The lies they told weren’t outlandish. They weren’t meant to be harmful. How could they possibly know the depths to which the little white lies would cut?
My parents, or the people I grew to know as parents, weren’t bad people. They were, like all others, simply people. They loved, they laughed, they learned as they grew. They were like me. But different, too.
These two, Betra and Peter, they raised me, molded me, guided me in all things. I believe they loved me, as much as anyone could. I know I loved them. As much as my little heart could.
They saved me, after all. It wasn’t until they were gone that I realized how often they lied to me. It took a little longer for me to realize why. They wanted to spare me. Together, they bore the brunt of the shame of my existence. They sheltered me from the worst ravages of society.
The whole of my life was a lie, in one way or another.
They told me I was a normal child. They told me I was theirs, alone. They told me that I could grow to be anything I wanted. They told me that if I was good, life would be good to me.
Betra and Peter didn’t tell me that they weren’t really my mother and father. They didn’t tell me that they were proud parents to four natural-born children. They didn’t tell me that I had another set of parents. They didn’t tell me that life wasn’t as grand as they painted. They didn’t tell me what to do once they were gone.
They left suddenly, the two of them. I didn’t even know they’d left the small house we all shared. I awoke to find myself alone. For three days, I waited, although at the time I didn’t realize it had been three days. The programs they left running for me didn’t have a night and day sequence. I didn’t even know there was a real door, leading to the outside world.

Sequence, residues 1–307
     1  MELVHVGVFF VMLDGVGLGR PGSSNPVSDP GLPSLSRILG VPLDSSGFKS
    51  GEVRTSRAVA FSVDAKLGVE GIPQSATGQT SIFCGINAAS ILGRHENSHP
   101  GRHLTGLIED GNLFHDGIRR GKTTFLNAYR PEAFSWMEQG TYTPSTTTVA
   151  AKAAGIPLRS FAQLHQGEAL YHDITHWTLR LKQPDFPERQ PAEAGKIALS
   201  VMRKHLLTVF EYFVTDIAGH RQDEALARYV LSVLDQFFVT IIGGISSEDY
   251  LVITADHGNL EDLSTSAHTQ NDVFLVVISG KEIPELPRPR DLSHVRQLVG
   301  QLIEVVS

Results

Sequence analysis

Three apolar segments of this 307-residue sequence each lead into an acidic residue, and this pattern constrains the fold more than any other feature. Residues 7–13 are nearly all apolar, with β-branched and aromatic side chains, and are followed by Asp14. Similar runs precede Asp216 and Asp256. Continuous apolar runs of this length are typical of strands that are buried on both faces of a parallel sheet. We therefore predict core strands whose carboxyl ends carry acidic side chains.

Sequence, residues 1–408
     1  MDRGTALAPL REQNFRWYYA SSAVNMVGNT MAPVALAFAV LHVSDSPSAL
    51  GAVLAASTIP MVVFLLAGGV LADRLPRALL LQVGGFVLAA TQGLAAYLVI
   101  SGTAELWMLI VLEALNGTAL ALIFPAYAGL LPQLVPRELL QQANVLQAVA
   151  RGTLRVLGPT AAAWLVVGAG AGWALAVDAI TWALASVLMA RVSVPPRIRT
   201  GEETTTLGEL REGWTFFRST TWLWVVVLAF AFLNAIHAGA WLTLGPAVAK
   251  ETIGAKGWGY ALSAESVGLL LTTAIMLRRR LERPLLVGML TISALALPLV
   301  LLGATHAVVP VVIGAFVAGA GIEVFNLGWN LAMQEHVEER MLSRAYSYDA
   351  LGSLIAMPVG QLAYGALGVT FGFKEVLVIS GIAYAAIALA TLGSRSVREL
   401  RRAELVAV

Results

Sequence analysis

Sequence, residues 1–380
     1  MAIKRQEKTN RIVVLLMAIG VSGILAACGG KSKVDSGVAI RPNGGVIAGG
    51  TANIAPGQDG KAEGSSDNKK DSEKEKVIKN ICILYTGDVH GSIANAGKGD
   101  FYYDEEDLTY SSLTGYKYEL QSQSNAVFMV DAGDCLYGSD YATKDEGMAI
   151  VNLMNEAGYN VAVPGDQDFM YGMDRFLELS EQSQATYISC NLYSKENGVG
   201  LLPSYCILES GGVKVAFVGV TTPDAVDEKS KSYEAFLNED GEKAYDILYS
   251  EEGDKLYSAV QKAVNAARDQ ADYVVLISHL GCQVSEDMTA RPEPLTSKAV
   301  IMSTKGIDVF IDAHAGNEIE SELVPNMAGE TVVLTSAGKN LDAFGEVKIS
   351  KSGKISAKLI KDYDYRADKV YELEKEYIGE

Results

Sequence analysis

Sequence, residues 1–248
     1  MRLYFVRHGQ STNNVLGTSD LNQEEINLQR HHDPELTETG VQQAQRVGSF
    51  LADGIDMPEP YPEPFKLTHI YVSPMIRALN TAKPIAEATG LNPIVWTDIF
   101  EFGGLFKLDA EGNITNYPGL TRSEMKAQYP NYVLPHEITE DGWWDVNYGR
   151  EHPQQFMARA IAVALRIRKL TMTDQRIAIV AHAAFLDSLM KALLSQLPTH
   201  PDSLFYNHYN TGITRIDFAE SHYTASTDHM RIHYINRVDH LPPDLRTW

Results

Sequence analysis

Not until the others came. The black uniforms with red arm patches frightened me. Not as much as the solid ebony faces, though. I’d only seen faces with describable, memorable features before. Faces like Peter’s, with brown eyes, wide noses, and white teeth behind thin lips.
The others hadn’t expected me, either. I could tell by the excited babble that passed among them. They didn’t have words, not like Betra and Peter’s words. But I felt the anger, the hatred in the air when the others crashed into the program room. I tried to run, but my legs were thin and brittle, not solid and agile like the black-clad ones that ran me down. I tried to fight, using the techniques that Peter’s favorite program had drilled into me. The program he used to teach me things Betra didn’t want me to learn. That was another lie, but it was a lie we told, me and Peter.
But the fighting I’d learned was no match for the strength and size of the uniformed intruders. In the end, I’d succumbed. And learned how Betra and Peter had lied to me.